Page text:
By the end of the day I'd calmed down and I stayed behind at the end to chat to the course trainer about something. We left the room - he went downstairs and out of the building, I decided I needed to go to the loo before going home. So I did. And there I was, happily going about my business, when I heard a noise that sounded like the main door leading to the loos being slammed. I thought nothing of it... until I came to leave. The door leading out of the ladies was locked. I was trapped. I had visions of the builders going home, only to resume work in a couple of months time, and finding my skeleton lying on the floor, my last message scrawled in lipstick on the mirror 'I wish I had more lipsti...'

I knocked tentatively on the door, feeling just a tad silly. No response. I knocked a bit harder. Silence. I swore for 5 minutes before remembering I was a modern, independent woman. I pulled out my trusty mobile phone and dithered over whether I should dial 999 or ring my Dad. Since my Dad was 400 miles away and I really wanted to get home for my tea, and imagining that the fire brigade had more important things to worry about, I dialed the switchboard of the building I was in. After what felt like half an hour the phone was picked up.

"Oh thank God", I said "please could you come and let me out of the toilet."

Silence on the other end of the phone, then a tentative voice "Errrr.....who is this?"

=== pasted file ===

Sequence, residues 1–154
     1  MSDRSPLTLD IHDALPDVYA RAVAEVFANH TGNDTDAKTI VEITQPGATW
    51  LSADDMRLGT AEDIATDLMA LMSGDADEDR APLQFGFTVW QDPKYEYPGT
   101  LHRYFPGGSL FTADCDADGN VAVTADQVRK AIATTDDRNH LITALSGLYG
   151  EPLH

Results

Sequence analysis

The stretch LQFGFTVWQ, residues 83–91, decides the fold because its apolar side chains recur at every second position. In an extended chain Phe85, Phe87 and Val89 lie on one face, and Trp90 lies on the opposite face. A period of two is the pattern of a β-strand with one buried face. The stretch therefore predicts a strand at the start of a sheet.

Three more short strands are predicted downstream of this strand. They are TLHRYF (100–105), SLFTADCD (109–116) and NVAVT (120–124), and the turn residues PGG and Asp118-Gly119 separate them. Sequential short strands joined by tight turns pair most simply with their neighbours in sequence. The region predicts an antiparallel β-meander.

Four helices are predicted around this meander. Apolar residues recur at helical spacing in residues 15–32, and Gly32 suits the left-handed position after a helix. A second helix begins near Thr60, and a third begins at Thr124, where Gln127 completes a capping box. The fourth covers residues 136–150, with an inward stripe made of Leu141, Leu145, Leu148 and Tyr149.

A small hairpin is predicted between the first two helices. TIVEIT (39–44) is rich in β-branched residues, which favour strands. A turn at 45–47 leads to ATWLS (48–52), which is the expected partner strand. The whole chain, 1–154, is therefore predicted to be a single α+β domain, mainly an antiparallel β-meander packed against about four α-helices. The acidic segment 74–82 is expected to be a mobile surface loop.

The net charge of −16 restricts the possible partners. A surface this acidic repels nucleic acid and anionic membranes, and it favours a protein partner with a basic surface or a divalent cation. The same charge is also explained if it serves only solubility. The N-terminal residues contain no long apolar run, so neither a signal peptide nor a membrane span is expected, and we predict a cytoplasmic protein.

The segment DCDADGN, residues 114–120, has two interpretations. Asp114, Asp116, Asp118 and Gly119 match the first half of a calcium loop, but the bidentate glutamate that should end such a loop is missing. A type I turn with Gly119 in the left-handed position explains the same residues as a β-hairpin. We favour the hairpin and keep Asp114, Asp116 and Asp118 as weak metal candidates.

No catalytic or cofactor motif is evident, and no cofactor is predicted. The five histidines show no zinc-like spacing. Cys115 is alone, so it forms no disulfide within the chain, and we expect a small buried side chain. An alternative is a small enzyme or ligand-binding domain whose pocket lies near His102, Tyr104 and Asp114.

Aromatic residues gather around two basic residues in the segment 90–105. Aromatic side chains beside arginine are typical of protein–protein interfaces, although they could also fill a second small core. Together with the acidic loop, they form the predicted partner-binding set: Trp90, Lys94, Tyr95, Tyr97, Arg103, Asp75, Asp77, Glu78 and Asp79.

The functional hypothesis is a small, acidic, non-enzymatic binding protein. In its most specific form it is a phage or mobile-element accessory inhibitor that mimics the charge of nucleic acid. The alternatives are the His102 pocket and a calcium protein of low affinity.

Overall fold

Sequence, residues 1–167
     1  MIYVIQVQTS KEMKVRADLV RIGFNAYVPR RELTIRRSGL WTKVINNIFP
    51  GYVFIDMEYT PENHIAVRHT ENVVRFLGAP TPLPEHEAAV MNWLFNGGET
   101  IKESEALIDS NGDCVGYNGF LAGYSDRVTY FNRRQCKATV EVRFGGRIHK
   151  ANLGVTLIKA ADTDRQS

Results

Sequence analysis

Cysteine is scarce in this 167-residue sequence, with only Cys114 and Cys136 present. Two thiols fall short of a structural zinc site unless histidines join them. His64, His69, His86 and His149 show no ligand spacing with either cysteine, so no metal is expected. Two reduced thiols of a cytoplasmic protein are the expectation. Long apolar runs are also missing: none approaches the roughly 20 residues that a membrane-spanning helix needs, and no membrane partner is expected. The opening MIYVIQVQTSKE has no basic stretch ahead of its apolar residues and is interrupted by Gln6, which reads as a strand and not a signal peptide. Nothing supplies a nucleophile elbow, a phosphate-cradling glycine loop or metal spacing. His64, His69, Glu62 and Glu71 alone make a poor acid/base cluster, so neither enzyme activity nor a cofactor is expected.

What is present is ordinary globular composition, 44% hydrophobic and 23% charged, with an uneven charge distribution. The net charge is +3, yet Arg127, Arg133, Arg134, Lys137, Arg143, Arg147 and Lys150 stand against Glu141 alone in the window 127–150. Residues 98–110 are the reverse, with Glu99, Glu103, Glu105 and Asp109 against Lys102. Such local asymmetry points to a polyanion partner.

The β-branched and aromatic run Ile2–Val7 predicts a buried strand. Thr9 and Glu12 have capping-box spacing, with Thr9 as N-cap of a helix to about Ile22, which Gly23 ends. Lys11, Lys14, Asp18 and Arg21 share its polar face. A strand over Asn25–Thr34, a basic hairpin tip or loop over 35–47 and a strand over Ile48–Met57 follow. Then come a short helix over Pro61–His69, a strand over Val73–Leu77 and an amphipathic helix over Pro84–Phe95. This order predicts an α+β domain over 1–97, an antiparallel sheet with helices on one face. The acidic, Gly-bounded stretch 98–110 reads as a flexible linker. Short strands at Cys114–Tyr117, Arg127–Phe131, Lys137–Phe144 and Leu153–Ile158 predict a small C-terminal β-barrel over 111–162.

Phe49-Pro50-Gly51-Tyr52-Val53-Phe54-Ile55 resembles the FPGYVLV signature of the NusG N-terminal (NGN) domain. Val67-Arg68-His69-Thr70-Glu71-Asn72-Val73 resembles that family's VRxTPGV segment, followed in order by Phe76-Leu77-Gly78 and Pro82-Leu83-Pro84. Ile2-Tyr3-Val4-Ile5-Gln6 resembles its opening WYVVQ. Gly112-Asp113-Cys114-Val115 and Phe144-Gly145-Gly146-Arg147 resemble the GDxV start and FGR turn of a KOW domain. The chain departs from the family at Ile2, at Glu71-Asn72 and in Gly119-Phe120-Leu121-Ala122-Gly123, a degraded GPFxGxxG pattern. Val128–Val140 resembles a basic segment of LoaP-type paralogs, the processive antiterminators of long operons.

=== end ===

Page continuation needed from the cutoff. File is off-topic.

"Well, my name's Donna, but that REALLY won't mean anything to you. I'm stuck in the loo, please could you let me out."

"Where are you exactly?"

"I'm standing by the sink."

"No...I mean which FLOOR are you on."

"Oh, right....ummmm, the floor where the training course was today."

Silence again. "Is that the woman who had her leg stuck in the banister by any chance?"

Yes indeed, my knight in shining overalls was the same workman who'd seen me stuck in the banister earlier that day. I like to think his shoulders were shaking with the cold as he freed me and wished me a safe journey home, but I'm afraid that it was laughter.

Actually, that reminds me of another conference story when I was attacked by a Killer Bee. But that one makes me look even more ridiculous (is that possible?) so maybe I should just draw a discreet veil over that one.


  1. fabulous story, Donna. Hilarious. More please. Killer bee tomorrow perhaps?

  2. Hey, at least you weren't trying to do something inappropriate with the copy machine.